PARALYMPIC and Olympic sprinter Oscar Pistorius’s murder case has been postponed to Tuesday in the Pretoria Magistrate’s Court, after a highly charged first appearance on Friday.
The postponement was granted to allow the defence time for further preparation, and to properly categorise the charge against him in terms of the Criminal Procedure Act.
He will remain in police custody at the Brooklyn police station until his appearance on Tuesday.
Family disputes claims
Mr Pistorius’ family and management company on Friday disputed claims he had murdered his girlfriend.
“The alleged murder is disputed in the strongest terms,” the family and In-Site Athlete Management said in a statement issued by a public relations company in London.
“These are now live and active legal proceedings, which must be allowed to take their course through the process of proper investigation by the police, evidence gathering, and through the local South African judicial system.”
The state intends to charge Mr Pistorius with premeditated murder after the death of his girlfriend Reeva Steenkamp, the Pretoria Magistrate’s Court heard on Friday.
"Is the state’s argument premeditated murder?" magistrate Desmond Nair asked.
"Yes," said the prosecutor, Adv Gerrie Nel.
Mr Nair ruled against live broadcasts of Mr Pistorius’s court appearance.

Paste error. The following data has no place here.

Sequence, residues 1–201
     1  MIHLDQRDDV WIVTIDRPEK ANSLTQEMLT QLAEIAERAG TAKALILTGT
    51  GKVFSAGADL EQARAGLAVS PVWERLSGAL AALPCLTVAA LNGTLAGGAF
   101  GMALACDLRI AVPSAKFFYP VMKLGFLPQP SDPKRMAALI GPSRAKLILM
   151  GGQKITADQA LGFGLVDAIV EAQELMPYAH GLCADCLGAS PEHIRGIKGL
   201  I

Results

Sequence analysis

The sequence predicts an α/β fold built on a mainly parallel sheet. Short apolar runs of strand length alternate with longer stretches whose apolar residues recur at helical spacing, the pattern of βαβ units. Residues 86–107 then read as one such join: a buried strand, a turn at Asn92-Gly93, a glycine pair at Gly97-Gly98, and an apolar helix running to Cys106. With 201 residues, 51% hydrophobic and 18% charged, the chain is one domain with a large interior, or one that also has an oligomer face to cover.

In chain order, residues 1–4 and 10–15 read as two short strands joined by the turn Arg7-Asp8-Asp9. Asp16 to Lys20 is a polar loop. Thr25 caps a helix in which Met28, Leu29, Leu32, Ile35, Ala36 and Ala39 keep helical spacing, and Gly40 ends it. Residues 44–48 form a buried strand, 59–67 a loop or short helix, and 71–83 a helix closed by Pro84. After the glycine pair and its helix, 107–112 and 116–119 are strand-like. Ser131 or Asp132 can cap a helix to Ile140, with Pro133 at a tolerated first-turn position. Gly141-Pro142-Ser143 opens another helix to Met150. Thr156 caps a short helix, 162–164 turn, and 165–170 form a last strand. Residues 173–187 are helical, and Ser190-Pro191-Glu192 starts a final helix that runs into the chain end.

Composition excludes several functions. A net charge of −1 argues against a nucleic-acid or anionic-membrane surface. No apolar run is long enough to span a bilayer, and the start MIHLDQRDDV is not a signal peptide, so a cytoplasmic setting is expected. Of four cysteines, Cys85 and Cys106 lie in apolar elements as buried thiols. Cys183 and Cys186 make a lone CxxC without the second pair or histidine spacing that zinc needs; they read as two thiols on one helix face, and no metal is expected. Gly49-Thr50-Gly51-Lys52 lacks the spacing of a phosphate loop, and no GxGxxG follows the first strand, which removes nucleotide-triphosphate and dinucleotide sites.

"There will be no live recordings of these proceedings. We will permit only audio broadcasts of the judgment," Mr Nair said on Friday, as a sobbing Mr Pistorius sat nearby with his jaw clenched.
'No celebrity status here'
He is expected to bring a bail application next week.
There is also expected to be clarity on whether the crime he is charged with falls under section 5 or section 6 of the Criminal Procedure Act.
In terms of section 5, dealing with "serious" offences, the accused may only be granted bail if he produces evidence to satisfy the court that the interests of justice permit the release.
Section 6 deals with "extremely serious" crime and requires exceptional circumstances for bail to be granted.
The National Prosecution Authority said Mr Pistorius would not receive any special treatment.
“There is no celebrity status here. The case has been postponed to Tuesday to allow the accused to meet with defence in preparation of the bail application,” said National Prosecuting Authority regional communication manager Medupe Simasiku.
Last year, Mr Pistorius became the first double leg amputee to compete in the Olympic Games when he ran the 400m race in London, reaching the semifinal, and was part of the South African 4x400m relay team. When competing, he uses specially designed carbon-fibre prostheses, which gave rise to his nickname of “Blade Runner”.
He also took part in the London Paralympics, where he won two gold medals and one silver medal.
Mr Pistorius was arrested on Thursday after Steenkamp was shot dead in his home, at the Silver Woods Country Estate in Pretoria.
Mr Nair allowed photographs to be taken when the court was not in session, as well as audio recordings of argument and judgment.
Due to the increased media interest a media list was held at the door to control access to the court.
Among those who were in court was director of public prosecutions for North Gauteng Sibongile Mzinyathi and businessman Kenny Kunene.
As Mr Pistorius walked out of the dock, his father, Henke, reached out to him.
Mr Pistorius just walked on, teary-eyed.
With Sapa and Samuel Mungadze